Faculty Profile Series: Dainy Bernstein

Dainy bernstein profile picture

This interview is part of our New Faculty Profile Series, which highlights faculty who have joined the Literature Program in recent years.

Dr. Dainy Bernstein (ey/em/eir) is a Visiting Lecturer in Pitt’s Literature program. Ey is editor of Artifacts of Orthodox Jewish Childhoods (Ben Yehuda Press, April 2022), a collection with essays by both scholars and laypeople, reflecting on toys, songs, books, etc., used by or given to Orthodox Jewish children, including Modern Orthodox, ultra-Orthodox, and Hasidic. Recently, Dr. Bernstein gave a talk for Pitt’s Children's Literature Program, presenting eir work on the Olomeinu/Our World magazine, published by Torah Umesorah (the National Society for Hebrew Day Schools) and distributed to Orthodox children from 1945 through 2011. Currently, ey is working on mapping the locations named in the features and stories of the magazine in order to build an image of what the child reader's concept of the world would have been at each stage of the magazine's run.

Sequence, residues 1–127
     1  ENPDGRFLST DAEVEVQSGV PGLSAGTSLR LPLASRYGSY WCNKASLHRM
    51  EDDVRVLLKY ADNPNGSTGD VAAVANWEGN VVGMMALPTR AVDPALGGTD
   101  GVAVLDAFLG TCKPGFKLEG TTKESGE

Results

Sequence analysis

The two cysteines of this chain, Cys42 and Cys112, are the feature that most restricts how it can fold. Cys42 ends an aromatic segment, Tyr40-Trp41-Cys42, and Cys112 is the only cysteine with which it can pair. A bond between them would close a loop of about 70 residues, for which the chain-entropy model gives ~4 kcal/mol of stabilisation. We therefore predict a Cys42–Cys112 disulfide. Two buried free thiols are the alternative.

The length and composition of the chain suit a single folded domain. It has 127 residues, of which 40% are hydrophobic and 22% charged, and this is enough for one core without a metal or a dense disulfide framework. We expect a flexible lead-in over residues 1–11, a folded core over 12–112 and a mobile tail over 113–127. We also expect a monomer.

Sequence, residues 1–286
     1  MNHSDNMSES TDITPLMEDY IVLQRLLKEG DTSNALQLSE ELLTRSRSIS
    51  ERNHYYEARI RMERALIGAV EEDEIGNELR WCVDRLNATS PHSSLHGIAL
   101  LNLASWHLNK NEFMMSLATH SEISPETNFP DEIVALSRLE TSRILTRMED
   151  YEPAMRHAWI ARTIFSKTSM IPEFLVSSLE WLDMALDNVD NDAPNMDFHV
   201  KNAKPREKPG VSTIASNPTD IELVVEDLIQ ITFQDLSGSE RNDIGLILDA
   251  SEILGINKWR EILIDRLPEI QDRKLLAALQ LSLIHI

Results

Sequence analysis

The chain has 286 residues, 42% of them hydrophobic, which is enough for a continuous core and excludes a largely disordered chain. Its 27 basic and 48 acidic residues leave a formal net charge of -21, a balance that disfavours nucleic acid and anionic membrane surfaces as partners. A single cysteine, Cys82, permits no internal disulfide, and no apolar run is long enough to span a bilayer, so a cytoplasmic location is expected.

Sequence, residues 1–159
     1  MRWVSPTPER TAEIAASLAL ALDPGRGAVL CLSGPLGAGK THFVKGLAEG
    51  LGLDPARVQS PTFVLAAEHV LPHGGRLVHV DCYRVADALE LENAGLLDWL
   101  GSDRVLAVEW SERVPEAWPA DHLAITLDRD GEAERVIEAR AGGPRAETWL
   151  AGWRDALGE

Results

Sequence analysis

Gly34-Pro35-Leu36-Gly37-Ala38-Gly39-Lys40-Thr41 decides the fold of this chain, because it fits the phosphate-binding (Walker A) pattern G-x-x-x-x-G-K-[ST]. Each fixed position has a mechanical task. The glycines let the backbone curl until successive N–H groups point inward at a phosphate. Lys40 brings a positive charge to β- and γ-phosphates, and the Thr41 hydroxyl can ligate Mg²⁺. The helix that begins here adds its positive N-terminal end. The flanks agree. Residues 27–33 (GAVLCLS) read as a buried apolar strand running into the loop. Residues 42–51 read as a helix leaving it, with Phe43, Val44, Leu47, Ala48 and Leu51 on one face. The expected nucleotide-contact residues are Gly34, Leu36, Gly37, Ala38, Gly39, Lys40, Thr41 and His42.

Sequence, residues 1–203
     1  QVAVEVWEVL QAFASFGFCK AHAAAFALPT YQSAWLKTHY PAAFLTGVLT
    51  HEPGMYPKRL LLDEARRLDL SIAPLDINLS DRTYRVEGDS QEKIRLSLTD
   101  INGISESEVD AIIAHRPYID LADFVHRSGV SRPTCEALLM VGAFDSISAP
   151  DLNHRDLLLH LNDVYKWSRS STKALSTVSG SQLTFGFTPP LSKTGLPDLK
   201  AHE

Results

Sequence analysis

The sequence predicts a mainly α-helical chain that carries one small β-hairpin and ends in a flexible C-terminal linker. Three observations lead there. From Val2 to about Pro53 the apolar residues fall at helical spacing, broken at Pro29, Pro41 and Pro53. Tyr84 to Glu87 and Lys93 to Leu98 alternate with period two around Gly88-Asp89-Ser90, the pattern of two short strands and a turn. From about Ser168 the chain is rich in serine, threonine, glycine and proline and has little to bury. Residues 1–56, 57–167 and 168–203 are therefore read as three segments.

The following interview was conducted as responses to written questions and has been lightly edited for clarity and length.

When did you begin teaching in Pitt's literature program? Which are the courses you typically teach?